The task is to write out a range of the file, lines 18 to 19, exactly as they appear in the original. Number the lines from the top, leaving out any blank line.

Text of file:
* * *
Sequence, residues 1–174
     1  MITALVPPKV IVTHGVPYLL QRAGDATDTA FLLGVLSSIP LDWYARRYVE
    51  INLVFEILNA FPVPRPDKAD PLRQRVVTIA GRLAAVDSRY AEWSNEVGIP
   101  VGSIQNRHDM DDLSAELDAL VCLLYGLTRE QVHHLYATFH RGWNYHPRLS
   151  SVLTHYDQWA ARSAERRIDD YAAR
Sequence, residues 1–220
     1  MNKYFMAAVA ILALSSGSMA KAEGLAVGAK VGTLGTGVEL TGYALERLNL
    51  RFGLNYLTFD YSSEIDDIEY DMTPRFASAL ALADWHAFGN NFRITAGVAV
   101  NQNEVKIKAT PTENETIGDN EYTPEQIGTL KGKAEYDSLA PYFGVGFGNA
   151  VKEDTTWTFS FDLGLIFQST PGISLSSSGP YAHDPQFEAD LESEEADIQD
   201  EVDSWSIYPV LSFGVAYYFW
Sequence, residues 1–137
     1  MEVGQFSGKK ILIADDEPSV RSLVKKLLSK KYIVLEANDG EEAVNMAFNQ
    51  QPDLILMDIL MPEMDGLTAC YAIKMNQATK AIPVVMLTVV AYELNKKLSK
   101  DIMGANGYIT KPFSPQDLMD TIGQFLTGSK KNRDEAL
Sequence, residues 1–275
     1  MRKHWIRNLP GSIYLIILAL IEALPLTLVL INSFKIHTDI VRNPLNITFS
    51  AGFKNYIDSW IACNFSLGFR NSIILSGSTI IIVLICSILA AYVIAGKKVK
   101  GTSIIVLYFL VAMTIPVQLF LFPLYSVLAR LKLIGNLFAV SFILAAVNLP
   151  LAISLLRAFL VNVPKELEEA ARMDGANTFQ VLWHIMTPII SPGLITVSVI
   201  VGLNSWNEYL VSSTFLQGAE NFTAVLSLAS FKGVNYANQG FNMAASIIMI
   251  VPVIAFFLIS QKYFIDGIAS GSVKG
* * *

    51  AGFKNYIDSW IACNFSLGFR NSIILSGSTI IIVLICSILA AYVIAGKKVK
   101  GTSIIVLYFL VAMTIPVQLF LFPLYSVLAR LKLIGNLFAV SFILAAVNLP